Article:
The short time in which it was composed – scant eight days – reflected the compositional productivity of this period of Schubert’s life. This striking productivity may have been due to his youth combined with the fact that in those years he did not have the rich social life he would have later, after becoming acquainted with his cosmopolitan friend Franz Schoenberg. Furthermore, a dispute about his fervent love to a local girl, Therese Grob, having added to his compositional outburst in this years endures.

String Quartet No. 9, of which no dedication is known, appears originally intended to be performed in more more than just private venues – unlike many of Schubert’s pieces, in particular his “Lieder”, which where meant to plaid in private homes and by hobbyists.

Nevertheless, for a long time  it never transcended domestic use. The first performance after its creation was privately by Schubert’s family – like many of his others works. After that, the piece had been neglected by the musical community until half a century later, posthumously in 1863, it was premiered in public at last, and finally published in 1871. Little is known about the back then public reception.

A Closer Listen

String Quartet No. 9 features a classical four-movement structure

I. Allegro con brio (ca. 7 minutes)
II. Andantino  (ca. 7. minutes)
III. Menuetto. Allegro vivace (ca. 4 minutes)
IV. Allegro (ca. 7 minutes)

with the first two movements in sonata form, the third one a minuet and the last one in rondo form.

In the first movement, a fast and brisk sonata movement, features two themes making for a contrast between a dramatic minor key theme -in the home key G-minor- and a brighter major theme in B-fat major. It is a contrast between heaviness and lightness, between menace and cheerfulness. This contrast is plaid out twice in the exposition and recapitulated in reversed tonality in the last part of the movement. This consistent play is only briefly interrupted in an unusually short development section, which leans towards the menace: look out for some tremors and crescendi (swelling notes) in the cello, viola and the second violin, while the first violin repeats a short melodic motif. Apart from this short interlude, the chase between dramatic menace and melodic cheerfulness determines the bulk of first movement.

Equally salient is the symmetric trajectory in terms of tonality. We are lead from a gloomy minor key to a cheerful major key during the first four minutes, as a once repeated exposition, and are lowered back to the minor key in the recapitulation, when the same thematic play is resumed in the last three minutes of the movement.

The slow second movement features a sonata form as well, and it takes up the rope of the previous B-flat major, thereby cleverly ushering in its contrasting character. The second movement is more melodic and cheerful, and it presents a neat, almost danceable main theme, in contrast to a more sentimental side theme, which nevertheless appears almost like a variation of the major theme. This movement has a thematic and emotional consistency, and the also very short development section, creating a hovering atmosphere and lasting only for a few measures, only adds to this impression. The already extremely short development section has no character of its own, being merely a transition between the exposition and the recapitulation of the interaction between major and side theme.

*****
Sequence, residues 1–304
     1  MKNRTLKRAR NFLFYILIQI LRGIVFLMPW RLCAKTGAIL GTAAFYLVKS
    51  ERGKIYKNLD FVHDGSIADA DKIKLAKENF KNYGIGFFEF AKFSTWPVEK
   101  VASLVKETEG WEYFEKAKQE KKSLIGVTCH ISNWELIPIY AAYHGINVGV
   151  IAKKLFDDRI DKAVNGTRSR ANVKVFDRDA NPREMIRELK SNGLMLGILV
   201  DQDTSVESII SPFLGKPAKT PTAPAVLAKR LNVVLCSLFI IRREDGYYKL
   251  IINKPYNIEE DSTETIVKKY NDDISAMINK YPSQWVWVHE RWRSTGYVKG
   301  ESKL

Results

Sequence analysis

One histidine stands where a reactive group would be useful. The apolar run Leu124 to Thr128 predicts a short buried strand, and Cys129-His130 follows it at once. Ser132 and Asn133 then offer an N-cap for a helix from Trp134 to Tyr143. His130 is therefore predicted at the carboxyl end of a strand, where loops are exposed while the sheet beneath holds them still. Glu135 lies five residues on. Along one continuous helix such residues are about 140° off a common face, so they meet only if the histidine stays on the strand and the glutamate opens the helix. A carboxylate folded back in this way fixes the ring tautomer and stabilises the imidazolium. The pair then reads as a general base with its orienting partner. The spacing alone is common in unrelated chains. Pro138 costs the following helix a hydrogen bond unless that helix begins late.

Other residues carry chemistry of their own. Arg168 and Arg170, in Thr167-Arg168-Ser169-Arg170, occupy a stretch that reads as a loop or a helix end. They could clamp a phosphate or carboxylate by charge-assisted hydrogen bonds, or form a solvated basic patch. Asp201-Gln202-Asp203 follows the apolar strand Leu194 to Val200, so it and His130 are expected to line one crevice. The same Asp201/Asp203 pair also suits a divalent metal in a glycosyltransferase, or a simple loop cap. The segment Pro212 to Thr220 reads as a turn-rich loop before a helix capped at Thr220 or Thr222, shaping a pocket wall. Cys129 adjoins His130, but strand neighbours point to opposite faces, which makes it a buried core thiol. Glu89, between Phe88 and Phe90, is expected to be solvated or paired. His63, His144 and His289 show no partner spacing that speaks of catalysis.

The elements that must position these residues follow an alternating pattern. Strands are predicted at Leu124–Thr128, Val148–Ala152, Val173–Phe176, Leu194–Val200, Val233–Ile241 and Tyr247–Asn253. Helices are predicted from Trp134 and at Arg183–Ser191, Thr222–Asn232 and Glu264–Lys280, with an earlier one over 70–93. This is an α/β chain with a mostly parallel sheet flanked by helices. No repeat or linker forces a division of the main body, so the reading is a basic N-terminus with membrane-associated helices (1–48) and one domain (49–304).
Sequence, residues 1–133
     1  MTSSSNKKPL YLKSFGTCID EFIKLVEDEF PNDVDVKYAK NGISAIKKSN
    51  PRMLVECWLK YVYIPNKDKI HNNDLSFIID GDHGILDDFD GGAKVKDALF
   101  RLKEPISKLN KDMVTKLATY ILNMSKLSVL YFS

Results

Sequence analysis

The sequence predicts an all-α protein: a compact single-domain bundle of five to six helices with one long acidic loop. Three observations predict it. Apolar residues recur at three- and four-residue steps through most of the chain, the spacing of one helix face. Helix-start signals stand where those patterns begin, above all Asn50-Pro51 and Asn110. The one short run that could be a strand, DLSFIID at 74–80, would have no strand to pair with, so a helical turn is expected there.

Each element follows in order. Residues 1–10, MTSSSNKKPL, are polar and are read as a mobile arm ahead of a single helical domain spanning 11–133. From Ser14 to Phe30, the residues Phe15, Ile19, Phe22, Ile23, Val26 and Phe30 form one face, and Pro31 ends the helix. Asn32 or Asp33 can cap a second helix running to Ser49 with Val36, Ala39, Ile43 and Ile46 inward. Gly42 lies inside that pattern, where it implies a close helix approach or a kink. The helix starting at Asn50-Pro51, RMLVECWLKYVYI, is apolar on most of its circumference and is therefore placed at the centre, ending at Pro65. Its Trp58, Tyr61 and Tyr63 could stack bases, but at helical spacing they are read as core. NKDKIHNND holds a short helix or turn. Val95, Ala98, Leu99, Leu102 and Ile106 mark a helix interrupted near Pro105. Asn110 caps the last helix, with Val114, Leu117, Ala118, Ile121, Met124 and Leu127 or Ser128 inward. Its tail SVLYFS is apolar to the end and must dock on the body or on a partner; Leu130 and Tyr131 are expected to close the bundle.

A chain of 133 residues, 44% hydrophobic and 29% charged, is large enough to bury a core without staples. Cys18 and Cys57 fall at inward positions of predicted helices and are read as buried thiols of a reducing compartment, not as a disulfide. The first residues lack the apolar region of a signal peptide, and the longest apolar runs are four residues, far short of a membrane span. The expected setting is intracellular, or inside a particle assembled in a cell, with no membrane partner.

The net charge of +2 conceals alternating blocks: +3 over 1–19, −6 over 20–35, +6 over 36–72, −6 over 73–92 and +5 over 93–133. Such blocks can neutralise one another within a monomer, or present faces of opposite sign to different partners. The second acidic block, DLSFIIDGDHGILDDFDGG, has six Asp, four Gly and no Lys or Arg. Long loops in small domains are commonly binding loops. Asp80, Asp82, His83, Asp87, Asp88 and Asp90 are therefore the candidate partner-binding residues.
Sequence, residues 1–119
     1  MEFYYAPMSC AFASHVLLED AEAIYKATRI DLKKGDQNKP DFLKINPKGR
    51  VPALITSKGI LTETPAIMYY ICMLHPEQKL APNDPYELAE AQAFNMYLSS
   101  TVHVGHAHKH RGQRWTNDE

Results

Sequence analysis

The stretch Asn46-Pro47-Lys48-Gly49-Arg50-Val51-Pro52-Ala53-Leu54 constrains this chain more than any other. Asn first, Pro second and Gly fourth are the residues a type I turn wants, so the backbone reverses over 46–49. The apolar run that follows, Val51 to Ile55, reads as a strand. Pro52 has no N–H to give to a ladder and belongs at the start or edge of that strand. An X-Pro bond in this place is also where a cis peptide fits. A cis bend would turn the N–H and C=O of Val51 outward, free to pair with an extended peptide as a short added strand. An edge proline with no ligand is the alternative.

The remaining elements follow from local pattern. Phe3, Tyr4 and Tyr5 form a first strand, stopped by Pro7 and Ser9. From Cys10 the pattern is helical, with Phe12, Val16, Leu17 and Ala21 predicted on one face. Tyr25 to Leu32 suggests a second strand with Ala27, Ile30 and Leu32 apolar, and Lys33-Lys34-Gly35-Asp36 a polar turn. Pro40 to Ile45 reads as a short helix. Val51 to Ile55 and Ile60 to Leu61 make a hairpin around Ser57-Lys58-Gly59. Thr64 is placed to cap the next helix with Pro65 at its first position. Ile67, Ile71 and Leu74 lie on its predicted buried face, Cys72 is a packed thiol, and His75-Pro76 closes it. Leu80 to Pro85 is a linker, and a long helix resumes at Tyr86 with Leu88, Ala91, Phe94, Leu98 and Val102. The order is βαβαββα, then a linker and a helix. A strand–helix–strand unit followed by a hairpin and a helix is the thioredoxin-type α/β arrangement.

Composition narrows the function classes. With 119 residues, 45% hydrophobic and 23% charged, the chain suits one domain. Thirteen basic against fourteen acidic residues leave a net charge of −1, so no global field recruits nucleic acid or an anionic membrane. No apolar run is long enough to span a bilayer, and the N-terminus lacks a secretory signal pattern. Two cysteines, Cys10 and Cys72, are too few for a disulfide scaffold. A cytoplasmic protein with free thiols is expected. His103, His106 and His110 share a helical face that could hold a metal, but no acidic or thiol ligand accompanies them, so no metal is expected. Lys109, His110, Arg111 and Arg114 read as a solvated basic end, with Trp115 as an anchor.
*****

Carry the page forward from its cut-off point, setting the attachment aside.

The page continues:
The buoyant minuet movement is reminiscent of the corresponding movement in Mozart’s G-minor symphony and is actually a tribute to it. Along with Schubert, we pay respect and admiration tor Mozart’s influence.

The fast last movement presents itself traditionally in Rondo form. The rhythmic refrain in which the violin does most of the work is presented four times. The sections between them appear in part like variations or developments of the refrain material and is interspersed with short Baroque passages. As unusually usual as this might seem for a last movement, in particular against the background of Beethoven’s revolutionary middle period, with its penchant for withholding the emotional climax to the last movement, this shows Schubert’s reverence to the classical period and a precocious matureness already in this younger years.

References:

Curtis Performes, Schubert Quartet No. 9 in G minor, D. 173
http://curtisperforms.curtis.edu/#/video/quartet-no-9-g-minor-d-173-1-allegro-con-brio
http://curtisperforms.curtis.edu/#/video/quartet-no-9-g-minor-d-173-2-andantino
http://curtisperforms.curtis.edu/#/video/quartet-no-9-g-minor-d-173-3-menuetto
http://curtisperforms.curtis.edu/#/video/quartet-no-9-g-minor-d-173-4-allegro

[1] Composer Biographies, GroveMusic
http://www.pbs.org/wnet/gperf/education/schubert.html

[2] Wikipedia, Franz Schubert
http://en.wikipedia.org/wiki/Franz_Schubert#Early_life_and_education

[3] AllMusic, Franz Schubert String Quartet No. 9 in G minor, D. 173
http://www.allmusic.com/composition/string-quartet-no-9-in-g-minor-d-173-mc0002371095

[4] Kammermusikkammer, Franz Schubert: Die Streichquartette
http://kammermusikkammer.blogspot.de/2010/03/franz-schubert-die-streichquartette.html

[5] Franz Schubert – String Quartets
http://www.franzpeterschubert.com/string_quartets.html

[6] Famous Composers, Franz Schubert, Documentary
Part 1: http://youtu.be/QOeS93VATck
Part 2: http://youtu.be/dpBcnPUkLmU
Part 3: http://youtu.be/CIWLIQVSNmA